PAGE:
“But whatever. If they pick me they got a reason,” Rolf smiles. “So of course [I accepted the assignment and asked] what’s involved.”
Source: Adam Sawatsky/vancouverisland.ctvnews.ca
Paul McCartney is giving fans a glimpse into his incredible decades-long career in his upcoming book The Lyrics: 1956 to the Present.
On Wednesday, the famed singer, 78, announced the two-volume, 960-page collection which will see McCartney "recount his life and art through the prism of 154 songs from all stages of his career," according to a press release.
The book, which editor Paul Muldoon said is as "close to an autobiography as we may ever come," is due out November 2nd and is available for preorder now.
"More often than I can count, I've been asked if I would write an autobiography, but the time has never been right. The one thing I've always managed to do, whether at home or on the road, is to write new songs," McCartney said in a statement.
"I know that some people, when they get to a certain age, like to go to a diary to recall day-to-day events from the past, but I have no such notebooks," he continued. "What I do have are my songs, hundreds of them, which I've learned serve much the same purpose. And these songs span my entire life."
According to the release, The Lyrics will span McCartney's career "from his earliest boyhood compositions through the legendary decade of The Beat details
The Grammy Museum has announced a virtual Ringo Starr program in March featuring a virtual exhibit and interviews with the former Beatle.
On March 4th, the museum will release a 2010 interview with Starr from their Live From the Vault series, followed by a new interview with the museum’s founding executive director Bob Santelli on March 18th. Starr will discuss his upcoming EP Zoom In and his new book Ringo Rocks: 30 Years of the All Starrs 1989-2019.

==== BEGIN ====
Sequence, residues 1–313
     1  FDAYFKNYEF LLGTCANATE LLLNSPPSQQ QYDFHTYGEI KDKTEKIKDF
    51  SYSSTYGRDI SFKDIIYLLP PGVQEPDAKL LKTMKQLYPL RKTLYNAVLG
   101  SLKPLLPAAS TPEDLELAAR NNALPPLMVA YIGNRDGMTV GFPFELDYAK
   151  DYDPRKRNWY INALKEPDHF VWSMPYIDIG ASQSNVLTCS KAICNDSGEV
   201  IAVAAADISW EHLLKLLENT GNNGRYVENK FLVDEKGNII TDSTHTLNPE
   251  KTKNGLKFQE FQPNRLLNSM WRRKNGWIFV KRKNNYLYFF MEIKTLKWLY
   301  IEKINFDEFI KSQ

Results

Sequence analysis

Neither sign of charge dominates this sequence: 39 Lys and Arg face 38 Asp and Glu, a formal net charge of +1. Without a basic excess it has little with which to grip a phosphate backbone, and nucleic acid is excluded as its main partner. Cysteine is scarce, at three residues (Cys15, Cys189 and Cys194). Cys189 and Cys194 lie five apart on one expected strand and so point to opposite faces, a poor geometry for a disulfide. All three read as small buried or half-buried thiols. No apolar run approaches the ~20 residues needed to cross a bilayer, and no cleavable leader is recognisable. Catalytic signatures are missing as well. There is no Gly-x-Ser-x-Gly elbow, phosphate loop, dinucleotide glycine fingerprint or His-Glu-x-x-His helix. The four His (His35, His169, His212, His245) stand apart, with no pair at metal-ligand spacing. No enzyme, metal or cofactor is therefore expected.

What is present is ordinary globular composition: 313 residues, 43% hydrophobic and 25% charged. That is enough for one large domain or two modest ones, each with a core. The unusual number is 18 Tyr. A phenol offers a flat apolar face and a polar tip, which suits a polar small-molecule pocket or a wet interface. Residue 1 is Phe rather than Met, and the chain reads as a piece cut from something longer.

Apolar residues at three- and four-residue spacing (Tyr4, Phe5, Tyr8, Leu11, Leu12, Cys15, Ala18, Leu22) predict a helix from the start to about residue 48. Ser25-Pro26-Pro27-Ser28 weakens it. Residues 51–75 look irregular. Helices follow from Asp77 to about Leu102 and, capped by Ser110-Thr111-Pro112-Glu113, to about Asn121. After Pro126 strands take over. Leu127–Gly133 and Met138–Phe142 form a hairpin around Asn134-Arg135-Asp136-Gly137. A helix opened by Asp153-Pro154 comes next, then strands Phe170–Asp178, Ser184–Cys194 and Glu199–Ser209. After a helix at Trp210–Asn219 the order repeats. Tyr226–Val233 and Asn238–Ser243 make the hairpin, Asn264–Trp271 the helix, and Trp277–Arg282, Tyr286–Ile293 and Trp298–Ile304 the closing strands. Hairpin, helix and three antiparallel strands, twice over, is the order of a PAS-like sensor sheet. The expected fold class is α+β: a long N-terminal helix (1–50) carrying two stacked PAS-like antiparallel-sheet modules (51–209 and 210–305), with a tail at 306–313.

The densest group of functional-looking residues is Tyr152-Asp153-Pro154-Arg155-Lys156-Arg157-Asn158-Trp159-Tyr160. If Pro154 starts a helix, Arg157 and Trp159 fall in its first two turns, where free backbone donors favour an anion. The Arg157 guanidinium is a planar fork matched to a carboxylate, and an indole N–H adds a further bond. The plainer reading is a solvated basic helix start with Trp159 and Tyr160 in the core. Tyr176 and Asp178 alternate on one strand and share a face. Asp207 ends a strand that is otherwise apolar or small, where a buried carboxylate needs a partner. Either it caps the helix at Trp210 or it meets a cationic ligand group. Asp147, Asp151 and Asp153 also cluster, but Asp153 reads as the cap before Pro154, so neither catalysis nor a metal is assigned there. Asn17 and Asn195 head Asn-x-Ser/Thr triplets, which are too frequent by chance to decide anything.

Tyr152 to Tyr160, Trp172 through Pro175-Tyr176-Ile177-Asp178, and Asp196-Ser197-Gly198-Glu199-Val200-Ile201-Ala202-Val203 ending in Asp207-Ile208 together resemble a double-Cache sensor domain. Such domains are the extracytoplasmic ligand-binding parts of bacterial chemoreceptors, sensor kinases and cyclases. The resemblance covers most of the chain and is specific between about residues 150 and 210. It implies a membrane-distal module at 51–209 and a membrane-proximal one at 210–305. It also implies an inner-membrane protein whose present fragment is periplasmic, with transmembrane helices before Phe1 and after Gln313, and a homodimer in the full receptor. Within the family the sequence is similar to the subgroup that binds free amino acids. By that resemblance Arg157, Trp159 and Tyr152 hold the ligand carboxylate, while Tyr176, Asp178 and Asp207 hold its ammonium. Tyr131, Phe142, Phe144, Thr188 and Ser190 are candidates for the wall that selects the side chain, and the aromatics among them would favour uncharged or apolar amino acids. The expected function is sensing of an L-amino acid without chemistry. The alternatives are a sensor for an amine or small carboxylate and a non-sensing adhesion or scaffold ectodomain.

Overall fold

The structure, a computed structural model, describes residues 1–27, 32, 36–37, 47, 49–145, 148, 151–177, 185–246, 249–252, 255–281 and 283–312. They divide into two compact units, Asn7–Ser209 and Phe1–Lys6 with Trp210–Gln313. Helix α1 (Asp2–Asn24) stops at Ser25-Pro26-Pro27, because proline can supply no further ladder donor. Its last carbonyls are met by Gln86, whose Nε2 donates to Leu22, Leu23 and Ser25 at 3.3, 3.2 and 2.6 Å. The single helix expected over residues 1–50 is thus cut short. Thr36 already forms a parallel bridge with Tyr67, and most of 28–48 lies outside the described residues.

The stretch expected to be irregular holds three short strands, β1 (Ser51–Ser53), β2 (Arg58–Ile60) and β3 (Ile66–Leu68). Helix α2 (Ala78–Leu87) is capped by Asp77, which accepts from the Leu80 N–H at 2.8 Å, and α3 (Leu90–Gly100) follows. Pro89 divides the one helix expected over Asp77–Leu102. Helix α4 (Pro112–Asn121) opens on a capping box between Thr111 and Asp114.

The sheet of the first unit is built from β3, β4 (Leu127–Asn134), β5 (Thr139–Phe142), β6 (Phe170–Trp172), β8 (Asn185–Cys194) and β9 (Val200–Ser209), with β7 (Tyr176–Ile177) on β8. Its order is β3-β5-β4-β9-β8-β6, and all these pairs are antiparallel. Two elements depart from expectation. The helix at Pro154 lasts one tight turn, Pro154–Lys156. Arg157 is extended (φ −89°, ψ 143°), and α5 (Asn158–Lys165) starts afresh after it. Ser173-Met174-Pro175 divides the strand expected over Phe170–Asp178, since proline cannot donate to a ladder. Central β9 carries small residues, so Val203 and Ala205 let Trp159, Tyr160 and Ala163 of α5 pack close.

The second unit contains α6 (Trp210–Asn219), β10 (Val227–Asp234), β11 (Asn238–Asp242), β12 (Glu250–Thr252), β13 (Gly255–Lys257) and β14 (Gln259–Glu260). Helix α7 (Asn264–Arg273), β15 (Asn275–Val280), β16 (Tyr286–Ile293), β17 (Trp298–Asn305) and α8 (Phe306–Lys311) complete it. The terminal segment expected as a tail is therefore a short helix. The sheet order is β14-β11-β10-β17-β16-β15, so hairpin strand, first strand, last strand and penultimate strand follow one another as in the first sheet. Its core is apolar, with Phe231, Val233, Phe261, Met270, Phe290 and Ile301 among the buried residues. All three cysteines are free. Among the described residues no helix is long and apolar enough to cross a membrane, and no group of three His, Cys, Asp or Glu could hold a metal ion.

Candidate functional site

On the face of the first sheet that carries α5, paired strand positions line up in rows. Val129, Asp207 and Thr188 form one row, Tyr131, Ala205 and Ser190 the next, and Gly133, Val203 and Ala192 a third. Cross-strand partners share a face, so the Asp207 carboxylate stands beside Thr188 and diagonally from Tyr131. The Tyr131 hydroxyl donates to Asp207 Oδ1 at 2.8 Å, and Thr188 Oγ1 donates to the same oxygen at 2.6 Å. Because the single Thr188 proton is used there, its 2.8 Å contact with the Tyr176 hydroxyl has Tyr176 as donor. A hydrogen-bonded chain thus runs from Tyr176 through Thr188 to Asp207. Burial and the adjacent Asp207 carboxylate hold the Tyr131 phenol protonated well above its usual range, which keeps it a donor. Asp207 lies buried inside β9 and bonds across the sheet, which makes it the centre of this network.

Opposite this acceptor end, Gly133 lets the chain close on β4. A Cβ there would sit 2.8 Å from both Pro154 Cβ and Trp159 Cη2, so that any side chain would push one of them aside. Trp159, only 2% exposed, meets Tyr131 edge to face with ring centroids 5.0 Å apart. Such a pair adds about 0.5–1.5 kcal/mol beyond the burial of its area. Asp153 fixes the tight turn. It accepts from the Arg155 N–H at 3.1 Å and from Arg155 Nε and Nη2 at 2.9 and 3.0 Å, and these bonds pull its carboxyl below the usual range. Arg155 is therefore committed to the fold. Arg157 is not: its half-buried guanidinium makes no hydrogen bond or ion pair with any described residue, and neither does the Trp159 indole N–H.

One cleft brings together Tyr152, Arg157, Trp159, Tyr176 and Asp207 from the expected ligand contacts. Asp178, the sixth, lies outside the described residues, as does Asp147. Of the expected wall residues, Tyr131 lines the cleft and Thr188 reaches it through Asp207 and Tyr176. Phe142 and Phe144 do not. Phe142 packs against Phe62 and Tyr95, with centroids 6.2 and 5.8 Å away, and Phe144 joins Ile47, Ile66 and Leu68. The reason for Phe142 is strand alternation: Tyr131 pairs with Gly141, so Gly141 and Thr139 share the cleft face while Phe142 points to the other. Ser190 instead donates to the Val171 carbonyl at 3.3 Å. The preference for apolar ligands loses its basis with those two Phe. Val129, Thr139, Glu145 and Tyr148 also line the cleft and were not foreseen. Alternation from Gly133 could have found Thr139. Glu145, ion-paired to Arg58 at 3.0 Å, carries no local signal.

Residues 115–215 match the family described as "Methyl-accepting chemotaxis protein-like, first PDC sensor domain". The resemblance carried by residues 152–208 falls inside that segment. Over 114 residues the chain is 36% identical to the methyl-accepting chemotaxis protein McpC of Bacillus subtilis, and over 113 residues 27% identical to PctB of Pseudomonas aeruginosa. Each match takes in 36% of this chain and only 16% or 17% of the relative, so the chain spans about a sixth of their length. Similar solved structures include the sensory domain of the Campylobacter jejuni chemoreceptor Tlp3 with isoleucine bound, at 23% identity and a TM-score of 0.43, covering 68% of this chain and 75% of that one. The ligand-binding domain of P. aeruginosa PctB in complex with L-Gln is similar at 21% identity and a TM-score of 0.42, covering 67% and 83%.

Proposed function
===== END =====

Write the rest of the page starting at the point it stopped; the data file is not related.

The museum will also feature the 2013 exhibit Peace & Love virtually; it covers his early life in Liverpool, his launch to superstardom with the Beatles, and his years with the All Starr Band. The museum’s streaming service Collection: Live can be accessed here.
Source: Angie Martoccio/Rolling Stonedetails
George Harrison sadly died almost 20 years ago and would have turned 78-years-old this week if still alive. Nevertheless, his incredible legacy with The Beatles lives on to this day. And now Sir Paul McCartney and the John Lennon estate have celebrated what would have been George Harrison’s 78th birthday on February 25, 2021.
Sir Paul shared a picture of himself with George in what looks like the late 1960s.
The 78-year-old wrote on his Instagram: “Have a great day on what would have been my mate George’s birthday - Paul.”